Saving Saudi Arabia’s stunning Red Sea habitats

Updated 03 March 2019

Saving Saudi Arabia’s stunning Red Sea habitats

  • Saudi Arabia is stepping up efforts to protect one of its natural wonders — the dazzling marine habitats of the Red Sea

Adjusting the large oxygen tank on his back and with face mask in place, Khalid Al-Dahlawi takes a deep breath and plunges into the waters off Jeddah. A mesh bag in tow, he gathers plastic debris from the seabed, helping to preserve one of the world’s natural wonders: The Red Sea coral reefs, a colorful network of marine life, coral and mangrove forests.

He can only do so much. This delicate world is under constant threat from overfishing, climate change, pollutants and litter. 

“I’ve been diving since 1990,” said Al-Dahlawi, an instructor at Scuba Diving International in Jeddah. “Plastic strewn across the sea floor, textiles and fishing nets tangled between the coral are just some of the rubbish I see. The ideal solution is to punish offenders. Regulations need to be reinforced and rangers deployed to save our reefs.”

Help may be on its way. In January, the Saudi Shoura Council approved a draft proposal for environmental rangers to help preserve different environments from the effects of pollution. They would enforce standards, and impose penalties for violations.

In September 2018, a framework agreement between the Prince Albert II of Monaco Foundation and the Public Investment Fund’s Red Sea Collection was signed in relation to sustainable development and marine conservation. The agreement paves the way for an exchange of expertise to help safeguard marine biodiversity, protect coral reefs and combat plastic pollution.

These protections will be essential as Saudi Arabia moves forward with sustainable development plans for the West Coast, including the Neom smart city project and the Farasan Islands tourism initiative. Major environmental studies have already been done to ensure the area’s sensitive ecology will be protected.

But there are many threats to these unique habitats, especially from plastics. Dr. Susana Carvalho, a research scientist at the Red Sea Research Center at King Abdullah University of Science and Technology (KAUST), said: “Plastics can directly affect marine megafauna, such as turtles and dolphins, which are frequently entangled and also ingest them, which can lead to death.”

Plastic in the water can also affect humans. “Contaminants ingested by commercial fish species can accumulate in our bodies when we consume them,” she added.

Carvalho believes greater public awareness is needed on the effects of plastic, along with more mangrove and coral reef “clean up” initiatives, and moves to ban plastic bags and straws. “We are working with schools from Thuwal, in a project related to plastics in the environment,” she said. “Students have been quantifying plastics on beaches and also looking at the stomachs of fish from the market.”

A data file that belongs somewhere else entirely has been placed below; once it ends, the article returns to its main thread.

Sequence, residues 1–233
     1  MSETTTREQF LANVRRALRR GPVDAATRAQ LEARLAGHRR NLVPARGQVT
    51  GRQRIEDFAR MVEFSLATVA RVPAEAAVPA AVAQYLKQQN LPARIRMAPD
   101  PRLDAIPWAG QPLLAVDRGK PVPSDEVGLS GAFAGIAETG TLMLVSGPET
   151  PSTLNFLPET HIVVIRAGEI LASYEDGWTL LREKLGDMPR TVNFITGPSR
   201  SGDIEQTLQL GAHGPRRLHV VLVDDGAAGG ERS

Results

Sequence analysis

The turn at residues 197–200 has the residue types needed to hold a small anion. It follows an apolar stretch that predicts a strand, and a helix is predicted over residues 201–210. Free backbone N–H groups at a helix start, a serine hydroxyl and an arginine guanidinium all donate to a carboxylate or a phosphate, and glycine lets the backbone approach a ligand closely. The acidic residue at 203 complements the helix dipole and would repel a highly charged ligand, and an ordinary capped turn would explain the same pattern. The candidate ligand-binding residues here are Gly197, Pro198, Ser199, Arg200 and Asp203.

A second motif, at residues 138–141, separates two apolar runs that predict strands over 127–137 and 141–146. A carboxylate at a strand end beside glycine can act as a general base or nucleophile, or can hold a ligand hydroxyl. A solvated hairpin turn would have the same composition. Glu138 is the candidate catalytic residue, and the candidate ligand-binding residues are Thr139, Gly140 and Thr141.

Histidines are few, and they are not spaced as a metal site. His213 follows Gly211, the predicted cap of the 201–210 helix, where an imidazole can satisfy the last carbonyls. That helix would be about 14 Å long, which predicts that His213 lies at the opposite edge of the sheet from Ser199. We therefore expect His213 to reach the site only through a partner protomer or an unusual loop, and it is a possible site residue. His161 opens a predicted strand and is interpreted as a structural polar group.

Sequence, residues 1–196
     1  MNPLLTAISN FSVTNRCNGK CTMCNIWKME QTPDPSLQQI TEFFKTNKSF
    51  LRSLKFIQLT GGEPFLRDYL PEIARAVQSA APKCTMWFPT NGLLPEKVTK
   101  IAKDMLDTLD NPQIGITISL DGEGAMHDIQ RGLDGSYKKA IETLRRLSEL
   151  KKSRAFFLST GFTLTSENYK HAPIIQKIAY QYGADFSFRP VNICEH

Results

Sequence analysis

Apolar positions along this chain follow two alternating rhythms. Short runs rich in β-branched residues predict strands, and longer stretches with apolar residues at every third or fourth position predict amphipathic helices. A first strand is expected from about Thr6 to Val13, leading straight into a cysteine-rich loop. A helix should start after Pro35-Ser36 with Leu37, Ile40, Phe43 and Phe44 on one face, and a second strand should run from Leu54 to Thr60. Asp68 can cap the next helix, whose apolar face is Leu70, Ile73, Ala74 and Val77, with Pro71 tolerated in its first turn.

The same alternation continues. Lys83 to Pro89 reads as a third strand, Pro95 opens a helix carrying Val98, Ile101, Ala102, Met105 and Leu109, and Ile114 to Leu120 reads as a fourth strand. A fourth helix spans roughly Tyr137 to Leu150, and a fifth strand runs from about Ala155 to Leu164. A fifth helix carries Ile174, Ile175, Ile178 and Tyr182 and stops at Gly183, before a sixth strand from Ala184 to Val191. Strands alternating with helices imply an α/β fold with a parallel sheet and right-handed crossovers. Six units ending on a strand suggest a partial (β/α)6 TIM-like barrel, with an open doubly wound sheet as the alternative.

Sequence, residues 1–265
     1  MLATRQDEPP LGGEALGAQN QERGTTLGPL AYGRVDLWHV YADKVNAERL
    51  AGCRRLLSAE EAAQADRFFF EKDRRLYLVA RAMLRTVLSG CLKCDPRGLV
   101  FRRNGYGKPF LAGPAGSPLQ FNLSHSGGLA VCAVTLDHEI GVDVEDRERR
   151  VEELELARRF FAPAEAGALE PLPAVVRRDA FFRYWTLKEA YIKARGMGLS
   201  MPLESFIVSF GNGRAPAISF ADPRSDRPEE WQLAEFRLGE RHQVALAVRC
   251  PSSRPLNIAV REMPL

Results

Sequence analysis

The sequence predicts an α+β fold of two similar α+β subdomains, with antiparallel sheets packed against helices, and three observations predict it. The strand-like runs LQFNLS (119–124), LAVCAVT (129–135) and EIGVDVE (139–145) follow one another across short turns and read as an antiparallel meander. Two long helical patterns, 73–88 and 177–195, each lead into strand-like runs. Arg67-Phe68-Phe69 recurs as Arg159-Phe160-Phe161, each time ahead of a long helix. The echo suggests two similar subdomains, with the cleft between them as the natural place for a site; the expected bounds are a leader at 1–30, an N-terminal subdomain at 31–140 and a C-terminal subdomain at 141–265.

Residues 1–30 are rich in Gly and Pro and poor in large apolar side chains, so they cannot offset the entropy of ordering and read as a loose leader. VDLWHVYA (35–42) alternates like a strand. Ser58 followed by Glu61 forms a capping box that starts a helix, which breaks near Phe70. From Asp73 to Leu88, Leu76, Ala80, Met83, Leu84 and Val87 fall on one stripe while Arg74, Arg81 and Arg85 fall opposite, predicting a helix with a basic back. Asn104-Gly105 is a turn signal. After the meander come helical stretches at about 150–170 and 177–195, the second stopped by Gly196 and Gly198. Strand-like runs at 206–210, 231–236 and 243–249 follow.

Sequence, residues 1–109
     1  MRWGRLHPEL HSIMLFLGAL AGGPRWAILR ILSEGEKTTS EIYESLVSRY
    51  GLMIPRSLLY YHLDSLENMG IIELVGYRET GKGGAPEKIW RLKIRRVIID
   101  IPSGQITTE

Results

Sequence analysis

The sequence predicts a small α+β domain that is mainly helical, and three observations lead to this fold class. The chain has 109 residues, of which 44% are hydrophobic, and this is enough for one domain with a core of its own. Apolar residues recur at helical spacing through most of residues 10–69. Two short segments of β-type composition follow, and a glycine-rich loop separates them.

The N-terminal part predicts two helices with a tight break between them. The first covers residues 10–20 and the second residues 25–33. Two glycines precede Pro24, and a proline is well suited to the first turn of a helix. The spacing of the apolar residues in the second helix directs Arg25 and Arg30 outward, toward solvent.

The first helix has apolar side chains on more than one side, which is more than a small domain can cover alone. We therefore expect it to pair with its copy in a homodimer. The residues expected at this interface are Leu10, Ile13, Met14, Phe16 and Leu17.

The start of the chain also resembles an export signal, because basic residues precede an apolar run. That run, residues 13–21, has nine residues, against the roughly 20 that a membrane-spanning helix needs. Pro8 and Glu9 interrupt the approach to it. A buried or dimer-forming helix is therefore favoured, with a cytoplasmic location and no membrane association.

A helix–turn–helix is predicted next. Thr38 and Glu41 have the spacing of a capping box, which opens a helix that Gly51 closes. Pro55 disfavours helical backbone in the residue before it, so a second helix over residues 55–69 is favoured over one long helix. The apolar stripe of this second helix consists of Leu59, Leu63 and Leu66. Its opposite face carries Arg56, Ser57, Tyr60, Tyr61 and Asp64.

The Khaled bin Sultan Living Oceans Foundation is another Saudi organization that has been working to protect and restore the world’s oceans through research, action and education. It was founded in 2000 by Prince Khaled bin Sultan, an avid diver driven by a passion to preserve the oceans for future generations. “During the past decade, we have supported projects to study, survey and map coral reefs globally, and to educate the public about the need for protection and conservation of coral, knowing that healthy reefs are a crucial measure of the vitality of the Earth itself,” Prince Khaled said in 2012. 

“We at the foundation are committed to help sustain habitats,” Princess Hala bint Khaled, a director of the foundation, said. “We launched the Global Reef Expedition in 2011, the world’s largest reef survey and high-res mapping expedition, with more than 1,000 dive sites across 15 countries.

“The areas covered in Saudi were Farasan Islands and Farasan Bank, Yanbu and Al-Wajh, and Ras Qasabah. We aim to share the information freely, to plan strategies to protect these habitats.”

The foundation has already released satellite imagery covering thousands of individual reefs to help other countries with their own conservation efforts.

According to a KAUST report in 2014, the Kingdom’s reefs are fortunate due to the relatively low population level along the Red Sea coast, minimizing the human impact on marine ecology.

A 2015 publication on coral reefs suggested “coral cover throughout the (Red Sea) region averaged about 20 percent with higher cover (often more than 50 percent) in shallow water and rapid decline with increasing depth.
In various regions, many reefs (15 to 36 percent) showed signs of damage and had less than 5 percent live coral cover.”

Alexandra Dempsey, the foundation’s director of science management, suggested more could be done to slow the damage.

“As a logical first step, it is imperative for Saudi Arabia to develop a management protocol to assess threats to the coastline and reef habitats,” she told Arab News.